Tom: So Ben’s article talked about how, he actually took a look at days where the markets dropped three percent or more going all the way back to 1928. So we now have 90 years of data in front of us, and he found that over 90 years, we’ve seen 325 days with losses of three percent or more, which means it happens roughly three and a half times a year, on average. And as he said, it’s rare, but it’s not completely out of the ordinary.
He actually went on in the course of his article to show that a lot of these volatile days happened during the Great Depression, so from 1928 through 1939. A significant chunk of these happened early on. And so he actually re-ran the numbers and said that, “Hey, if you look at these numbers from 1939 going forward, it would show that there was from 1939 through today, there’s a 143 days where the market dropped three percent or more.”
Brendan: Still something that’s happening on average once or twice a year.
Tom: Right, once or twice a year. So from 1939 on 102 of those days were during, he also mentioned that they were during double digit drops in the market.
Brendan: That’s interesting too. We know, don’t have the exact numbers, but that double digit drops, meaning something greater than 10 percent, happen on average once a year.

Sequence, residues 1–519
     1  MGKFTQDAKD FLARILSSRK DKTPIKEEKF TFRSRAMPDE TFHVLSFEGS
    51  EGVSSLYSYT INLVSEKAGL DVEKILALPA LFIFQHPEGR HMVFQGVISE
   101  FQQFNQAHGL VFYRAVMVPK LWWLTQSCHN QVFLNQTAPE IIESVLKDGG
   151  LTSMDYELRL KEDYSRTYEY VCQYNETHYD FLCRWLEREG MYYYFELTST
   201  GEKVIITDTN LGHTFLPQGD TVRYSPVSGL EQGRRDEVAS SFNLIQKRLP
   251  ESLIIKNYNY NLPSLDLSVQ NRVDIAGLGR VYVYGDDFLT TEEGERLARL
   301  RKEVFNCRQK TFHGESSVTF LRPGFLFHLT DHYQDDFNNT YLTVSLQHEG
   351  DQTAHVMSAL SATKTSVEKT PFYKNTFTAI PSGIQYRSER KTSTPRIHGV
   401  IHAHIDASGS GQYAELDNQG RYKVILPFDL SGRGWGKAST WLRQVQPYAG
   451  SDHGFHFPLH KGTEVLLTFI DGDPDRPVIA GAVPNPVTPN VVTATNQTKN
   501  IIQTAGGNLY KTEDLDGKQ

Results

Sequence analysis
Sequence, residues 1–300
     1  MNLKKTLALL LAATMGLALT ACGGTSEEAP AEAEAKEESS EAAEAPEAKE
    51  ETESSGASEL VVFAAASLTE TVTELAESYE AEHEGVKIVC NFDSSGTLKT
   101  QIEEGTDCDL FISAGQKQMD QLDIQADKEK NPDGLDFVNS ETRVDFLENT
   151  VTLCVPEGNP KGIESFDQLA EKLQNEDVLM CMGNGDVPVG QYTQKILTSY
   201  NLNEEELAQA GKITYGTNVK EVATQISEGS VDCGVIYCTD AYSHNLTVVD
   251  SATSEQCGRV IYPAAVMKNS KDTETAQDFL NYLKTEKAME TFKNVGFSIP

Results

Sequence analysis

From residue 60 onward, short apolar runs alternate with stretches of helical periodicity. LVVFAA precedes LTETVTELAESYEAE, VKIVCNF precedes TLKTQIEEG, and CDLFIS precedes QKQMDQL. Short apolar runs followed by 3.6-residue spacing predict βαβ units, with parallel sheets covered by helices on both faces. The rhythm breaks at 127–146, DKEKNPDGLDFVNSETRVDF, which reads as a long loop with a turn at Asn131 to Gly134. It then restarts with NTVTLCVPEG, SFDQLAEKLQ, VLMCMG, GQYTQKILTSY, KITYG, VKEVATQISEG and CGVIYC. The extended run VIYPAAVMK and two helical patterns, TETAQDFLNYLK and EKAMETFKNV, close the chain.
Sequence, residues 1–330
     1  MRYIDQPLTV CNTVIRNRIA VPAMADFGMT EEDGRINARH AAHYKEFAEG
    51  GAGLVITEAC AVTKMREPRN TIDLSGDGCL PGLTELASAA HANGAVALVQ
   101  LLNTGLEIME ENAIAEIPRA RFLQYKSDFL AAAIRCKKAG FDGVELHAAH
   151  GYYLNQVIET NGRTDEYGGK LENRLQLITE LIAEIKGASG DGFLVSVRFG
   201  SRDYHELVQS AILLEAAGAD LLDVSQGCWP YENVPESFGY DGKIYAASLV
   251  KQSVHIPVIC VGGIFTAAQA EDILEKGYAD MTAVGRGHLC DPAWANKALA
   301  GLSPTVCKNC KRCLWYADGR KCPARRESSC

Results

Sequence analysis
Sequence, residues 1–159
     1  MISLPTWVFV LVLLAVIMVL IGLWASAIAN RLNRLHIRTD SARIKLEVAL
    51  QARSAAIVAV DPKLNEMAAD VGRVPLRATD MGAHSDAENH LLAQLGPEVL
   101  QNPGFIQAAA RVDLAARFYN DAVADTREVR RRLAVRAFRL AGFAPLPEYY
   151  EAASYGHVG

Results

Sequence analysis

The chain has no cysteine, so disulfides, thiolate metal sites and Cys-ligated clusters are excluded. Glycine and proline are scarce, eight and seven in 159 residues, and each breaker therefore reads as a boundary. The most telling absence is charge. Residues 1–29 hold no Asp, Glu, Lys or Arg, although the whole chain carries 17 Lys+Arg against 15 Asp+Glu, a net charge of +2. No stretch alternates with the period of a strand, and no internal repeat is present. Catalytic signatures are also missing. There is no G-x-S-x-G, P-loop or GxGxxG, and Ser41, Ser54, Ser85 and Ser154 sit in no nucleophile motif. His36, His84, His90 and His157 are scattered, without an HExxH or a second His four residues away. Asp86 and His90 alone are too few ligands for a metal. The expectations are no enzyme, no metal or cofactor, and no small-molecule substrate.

Tom: Once a year.
Brendan: The fact that these things happened during those instances make sense. And I think he looked at like the other side of the coin too. How many three percent or more up days has the market seen? And you see them during similar patches so that a lot of those, more than half of them I think, Ben found occurred during 10 percent or more draw downs too. So you’re going to have these violent moves back and forth during periods of volatility in the market. Volatile days happen during volatile periods.
Tom: Right, and so we have those volatile down days followed by volatile up days all in the same period of time. So you can’t pick and choose your spots.
Brendan: I think this is a good way to think about it. It’s never a good time to be making changes to your strategy during periods like this because if you react to a big move down and say, “I can’t handle this, we need to readjust,” you could adjust and then the next day couldn’t rip up three or four percent right after you bail out. I think the time to be making adjustments is not during periods of volatility. So it’s okay to recognize over the course of the last couple of days or the last time the market pulled back in February like, “Wow, that was really uncomfortable for me, and we moved along just fine after it, but I couldn’t handle that. So maybe I should be taking like less risk in my portfolio.”
Brendan: Or like, “Oh, that was a blip. I wasn’t even paying attention. I’m okay.”
Tom: It really depends on a case by case basis with investors on, what’s the right approach for them? I think the thing that really frustrates most people in and around the investing world is the answer to, why? Why did this happen? Why did it happen on a Wednesday and a Thursday? Is this the beginning? Is this the end of something? Let’s face it. Stocks have been weak for a couple of weeks now. We’ve seen it just watching our own internal markers.